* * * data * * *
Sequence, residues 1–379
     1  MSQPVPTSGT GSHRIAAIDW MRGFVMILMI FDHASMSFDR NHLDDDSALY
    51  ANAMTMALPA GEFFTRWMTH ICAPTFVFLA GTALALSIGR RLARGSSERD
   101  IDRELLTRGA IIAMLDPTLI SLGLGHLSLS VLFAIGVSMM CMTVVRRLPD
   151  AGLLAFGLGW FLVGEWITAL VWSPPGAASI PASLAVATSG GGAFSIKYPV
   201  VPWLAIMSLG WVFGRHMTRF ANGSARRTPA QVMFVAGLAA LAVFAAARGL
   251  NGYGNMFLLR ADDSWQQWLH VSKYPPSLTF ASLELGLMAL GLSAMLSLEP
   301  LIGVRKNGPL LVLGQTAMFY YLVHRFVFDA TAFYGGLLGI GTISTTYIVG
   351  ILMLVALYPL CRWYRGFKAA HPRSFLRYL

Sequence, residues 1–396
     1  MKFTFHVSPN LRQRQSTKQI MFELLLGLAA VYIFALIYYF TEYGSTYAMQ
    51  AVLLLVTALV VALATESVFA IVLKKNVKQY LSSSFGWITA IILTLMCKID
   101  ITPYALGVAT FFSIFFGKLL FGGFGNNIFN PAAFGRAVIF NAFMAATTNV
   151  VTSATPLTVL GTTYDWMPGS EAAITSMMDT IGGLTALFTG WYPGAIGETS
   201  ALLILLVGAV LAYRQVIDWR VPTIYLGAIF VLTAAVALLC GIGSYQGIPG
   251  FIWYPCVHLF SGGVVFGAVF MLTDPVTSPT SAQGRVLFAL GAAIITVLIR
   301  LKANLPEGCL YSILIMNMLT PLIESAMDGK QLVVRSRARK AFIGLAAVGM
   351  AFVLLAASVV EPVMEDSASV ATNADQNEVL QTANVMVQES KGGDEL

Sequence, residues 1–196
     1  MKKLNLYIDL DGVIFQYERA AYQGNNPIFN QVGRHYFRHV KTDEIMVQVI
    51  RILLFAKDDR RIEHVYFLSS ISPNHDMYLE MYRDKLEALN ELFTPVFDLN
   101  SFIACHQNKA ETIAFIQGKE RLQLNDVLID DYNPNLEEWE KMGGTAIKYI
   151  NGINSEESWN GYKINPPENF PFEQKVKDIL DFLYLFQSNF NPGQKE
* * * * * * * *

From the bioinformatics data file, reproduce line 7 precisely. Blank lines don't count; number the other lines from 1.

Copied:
   251  NGYGNMFLLR ADDSWQQWLH VSKYPPSLTF ASLELGLMAL GLSAMLSLEP